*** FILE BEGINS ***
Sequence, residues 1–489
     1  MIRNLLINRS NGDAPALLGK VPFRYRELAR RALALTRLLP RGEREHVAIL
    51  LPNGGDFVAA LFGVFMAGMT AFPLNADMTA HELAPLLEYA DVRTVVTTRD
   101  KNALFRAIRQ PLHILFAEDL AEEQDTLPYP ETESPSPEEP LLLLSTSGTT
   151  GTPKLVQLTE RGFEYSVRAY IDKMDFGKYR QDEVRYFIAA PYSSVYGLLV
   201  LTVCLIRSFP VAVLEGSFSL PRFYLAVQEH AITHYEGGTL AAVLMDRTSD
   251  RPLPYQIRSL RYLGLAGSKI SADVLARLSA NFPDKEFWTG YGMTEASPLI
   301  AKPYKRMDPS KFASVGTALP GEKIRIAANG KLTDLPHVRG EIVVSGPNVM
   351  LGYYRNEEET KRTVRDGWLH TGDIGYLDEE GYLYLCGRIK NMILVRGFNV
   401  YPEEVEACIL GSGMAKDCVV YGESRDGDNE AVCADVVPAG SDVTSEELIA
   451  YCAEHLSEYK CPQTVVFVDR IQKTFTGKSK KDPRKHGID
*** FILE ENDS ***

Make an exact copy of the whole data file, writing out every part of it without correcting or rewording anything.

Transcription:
Sequence, residues 1–489
     1  MIRNLLINRS NGDAPALLGK VPFRYRELAR RALALTRLLP RGEREHVAIL
    51  LPNGGDFVAA LFGVFMAGMT AFPLNADMTA HELAPLLEYA DVRTVVTTRD
   101  KNALFRAIRQ PLHILFAEDL AEEQDTLPYP ETESPSPEEP LLLLSTSGTT
   151  GTPKLVQLTE RGFEYSVRAY IDKMDFGKYR QDEVRYFIAA PYSSVYGLLV
   201  LTVCLIRSFP VAVLEGSFSL PRFYLAVQEH AITHYEGGTL AAVLMDRTSD
   251  RPLPYQIRSL RYLGLAGSKI SADVLARLSA NFPDKEFWTG YGMTEASPLI
   301  AKPYKRMDPS KFASVGTALP GEKIRIAANG KLTDLPHVRG EIVVSGPNVM
   351  LGYYRNEEET KRTVRDGWLH TGDIGYLDEE GYLYLCGRIK NMILVRGFNV
   401  YPEEVEACIL GSGMAKDCVV YGESRDGDNE AVCADVVPAG SDVTSEELIA
   451  YCAEHLSEYK CPQTVVFVDR IQKTFTGKSK KDPRKHGID